SuperNatural® rootstock greatly boosts yield and vigor when grafted to either heirloom or hybrid tomato varieties. Its formidable resistance to a broad range of soil-borne diseases and nematodes keeps plants healthy and productive all season. It also increases plants’ tolerance to both cold and heat for an extended harvest. The same exclusive rootstock used for the Mighty ‘Mato™ line of grafted tomatoes, SuperNatural® is one of the only readily available rootstock seed that is untreated and suitable for certified organic production and always non-genetically modified. V, CR, FOR, F1, N, TMV.”

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  6. Nebraska Dave on May 22, 2014 at 9:35 am

    Susy, I understand the concept of grafting and I have heard of grafting tomatoes. To me it’s interesting the plants produce more from grafting. For now I’m sticking with the old traditional nature’s way of growing tomatoes. I’ll be interested to what your opinion is after the growing season is over.

    As for me, two experimental things going on. One is the rain gutter growing system and the other is the multilayer potato bed. So far the rain gutter with multilevel growing is coming along great. The automatic watering is working wonderfully well and the in the ground planting of cabbage, radishes, lettuce, and onions under the rain gutters are doing super. The potatoes are almost ready for the second level of planting. Only five out of the eight hills grew and one hill froze from the late frost. I’ll plant eight more hills on top the last planting and cover it up with eight inches more special growing soil. I was hoping for four layers of potatoes but it looks like I’m probably only going to get two or maybe three at most.

    Have a great grafting tomatoes and experimental gardening day.

    Reply to Nebraska Dave's comment

  7. Sara on May 22, 2014 at 10:14 am

    I have to admit I’ve been a little skeptical of the grafting idea, mostly because the descriptions are so superlative it reminds me of those ads in the back of magazines for “8 fruit trees in one!” And also just because tomatoes grow pretty darn well here, so it doesn’t seem worth it for me.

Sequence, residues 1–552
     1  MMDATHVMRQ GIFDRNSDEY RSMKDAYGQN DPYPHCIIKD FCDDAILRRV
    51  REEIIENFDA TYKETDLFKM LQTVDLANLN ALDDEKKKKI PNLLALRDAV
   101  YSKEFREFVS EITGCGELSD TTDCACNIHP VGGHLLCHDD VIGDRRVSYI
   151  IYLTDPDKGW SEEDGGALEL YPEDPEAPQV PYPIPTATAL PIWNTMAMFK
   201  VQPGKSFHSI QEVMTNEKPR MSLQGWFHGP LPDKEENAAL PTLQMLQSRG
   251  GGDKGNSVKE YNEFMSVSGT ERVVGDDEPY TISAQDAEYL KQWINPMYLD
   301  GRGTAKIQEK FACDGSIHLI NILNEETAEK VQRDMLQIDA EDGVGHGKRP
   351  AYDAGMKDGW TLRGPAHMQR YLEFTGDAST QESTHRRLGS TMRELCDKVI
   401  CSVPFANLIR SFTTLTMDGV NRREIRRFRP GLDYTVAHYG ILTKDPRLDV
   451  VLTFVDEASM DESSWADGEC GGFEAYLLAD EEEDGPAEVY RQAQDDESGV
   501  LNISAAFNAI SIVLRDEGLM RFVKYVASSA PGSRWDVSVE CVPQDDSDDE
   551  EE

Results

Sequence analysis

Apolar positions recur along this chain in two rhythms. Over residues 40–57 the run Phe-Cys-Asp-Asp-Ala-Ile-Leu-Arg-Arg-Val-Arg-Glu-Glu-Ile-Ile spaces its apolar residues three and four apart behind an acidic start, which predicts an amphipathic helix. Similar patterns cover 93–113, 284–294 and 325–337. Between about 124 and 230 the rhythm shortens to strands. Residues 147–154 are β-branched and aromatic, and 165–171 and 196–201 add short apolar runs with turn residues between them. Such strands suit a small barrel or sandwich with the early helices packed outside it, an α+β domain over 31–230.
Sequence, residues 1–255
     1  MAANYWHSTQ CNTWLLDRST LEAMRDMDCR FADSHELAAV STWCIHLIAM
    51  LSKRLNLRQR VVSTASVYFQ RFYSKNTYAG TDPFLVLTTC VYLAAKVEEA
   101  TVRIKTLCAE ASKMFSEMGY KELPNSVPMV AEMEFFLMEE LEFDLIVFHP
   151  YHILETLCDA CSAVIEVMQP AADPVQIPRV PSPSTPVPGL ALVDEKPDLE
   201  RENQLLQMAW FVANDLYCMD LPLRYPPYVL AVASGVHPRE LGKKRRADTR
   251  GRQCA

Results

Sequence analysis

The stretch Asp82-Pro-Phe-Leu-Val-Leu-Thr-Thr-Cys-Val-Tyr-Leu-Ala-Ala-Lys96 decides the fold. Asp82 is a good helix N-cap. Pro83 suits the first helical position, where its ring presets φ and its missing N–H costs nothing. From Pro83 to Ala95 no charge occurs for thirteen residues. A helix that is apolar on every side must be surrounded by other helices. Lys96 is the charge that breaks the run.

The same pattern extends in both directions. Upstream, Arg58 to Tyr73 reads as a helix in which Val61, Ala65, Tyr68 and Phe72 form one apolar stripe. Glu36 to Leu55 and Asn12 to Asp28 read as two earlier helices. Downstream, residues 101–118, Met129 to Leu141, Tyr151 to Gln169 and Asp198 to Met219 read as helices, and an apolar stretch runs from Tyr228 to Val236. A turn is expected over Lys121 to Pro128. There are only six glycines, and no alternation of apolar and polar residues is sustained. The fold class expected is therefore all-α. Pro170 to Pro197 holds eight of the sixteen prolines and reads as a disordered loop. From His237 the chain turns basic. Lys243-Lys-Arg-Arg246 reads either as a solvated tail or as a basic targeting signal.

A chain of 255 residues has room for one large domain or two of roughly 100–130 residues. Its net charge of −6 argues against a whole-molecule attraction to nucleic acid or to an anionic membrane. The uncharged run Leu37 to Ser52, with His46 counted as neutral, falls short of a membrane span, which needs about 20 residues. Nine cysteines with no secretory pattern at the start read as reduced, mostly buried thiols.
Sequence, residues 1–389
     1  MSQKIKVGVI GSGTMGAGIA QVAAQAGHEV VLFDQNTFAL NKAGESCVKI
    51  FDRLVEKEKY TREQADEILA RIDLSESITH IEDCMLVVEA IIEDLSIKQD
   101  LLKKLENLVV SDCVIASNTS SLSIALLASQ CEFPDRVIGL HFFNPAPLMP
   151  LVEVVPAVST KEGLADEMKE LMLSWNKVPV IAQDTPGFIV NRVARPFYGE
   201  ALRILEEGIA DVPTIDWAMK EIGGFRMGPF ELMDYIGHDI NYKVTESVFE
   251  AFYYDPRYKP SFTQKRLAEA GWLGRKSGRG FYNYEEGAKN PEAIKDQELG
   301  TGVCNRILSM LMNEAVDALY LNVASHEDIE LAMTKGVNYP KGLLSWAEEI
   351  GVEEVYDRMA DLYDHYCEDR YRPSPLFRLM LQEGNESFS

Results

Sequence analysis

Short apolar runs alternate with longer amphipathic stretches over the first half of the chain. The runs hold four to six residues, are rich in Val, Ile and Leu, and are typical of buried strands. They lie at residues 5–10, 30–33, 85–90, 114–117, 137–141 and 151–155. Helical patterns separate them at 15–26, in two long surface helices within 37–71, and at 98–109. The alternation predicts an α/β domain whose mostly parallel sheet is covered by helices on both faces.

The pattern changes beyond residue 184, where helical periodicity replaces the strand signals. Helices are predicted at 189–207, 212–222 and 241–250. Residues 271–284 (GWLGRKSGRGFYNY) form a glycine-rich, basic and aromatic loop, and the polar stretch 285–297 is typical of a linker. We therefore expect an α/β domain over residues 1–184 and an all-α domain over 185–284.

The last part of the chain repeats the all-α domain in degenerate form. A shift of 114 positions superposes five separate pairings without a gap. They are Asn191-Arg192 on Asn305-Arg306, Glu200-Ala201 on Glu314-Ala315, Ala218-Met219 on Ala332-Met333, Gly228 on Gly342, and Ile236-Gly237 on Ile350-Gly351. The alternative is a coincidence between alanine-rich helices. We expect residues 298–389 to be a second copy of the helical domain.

BUT, I’m really glad gardeners I know (IRL and online) are trying it out because they will have a true perspective on it. And I can totally see how it could be useful in locations with climate/pest/disease issues, so I’m glad it’s catching on–’cause someday that could be me! Can’t wait to hear how it turns out.

    Reply to Sara's comment

  8. MN Reid on May 22, 2014 at 11:53 am

    I have not grafted, but planted a grafted Mortgage Lifter, and I guess the graft line got buried. I ended up with bland Roma type tomatas!

    It wasn’t in my budget this year to buy a grafted plant. I am looking forward to seeing the results. Next year I will have to try grafting myself.

    Reply to MN Reid's comment

  9. Kyle on May 22, 2014 at 12:10 pm

    I’ve got two experiments going. The first is a swale fed by one of my downspouts. I placed it in front of an area of my yard that I inherited with nothing but one plum tree that I think has brown rot. I’m trying to use the swale to provide sufficient moisture to replant this area with a loosely permaculture bent.

    The other experiment are two bastardized hugelkultur beds. The first blackberry canes (no roots) and some small branches mixed with some chicken manure and encased in straw. I needed to simultaneously heavily mulch to battle back the existing blackberry I pulled out of the ground while doing something with the canes. I created a next of potting soil and planted two sugar pie pumpkins. It’s either going to be great or a disaster…but no substantial loss either way.

    The second hugelkultur bed is filled with wheelbarrows of muck, leaves, and branches, hauled out of an abandoned pond I am restoring. I am much more optimistic about this bed taking off this year than the first one. I put in a chocolate cherry tomato and a summer squash.

    Nothing ventured, nothing gained!

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  10. bonnie knox on May 22, 2014 at 3:20 pm

    The plastic tote for maintaining humidity is a clever idea.

    Reply to bonnie knox's comment

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This is a daily journal of my efforts to cultivate a more simple life, through local eating, gardening and so many other things. We used to live in a small suburban neighborhood Ohio but moved to 153 acres in Liberty, Maine in 2012.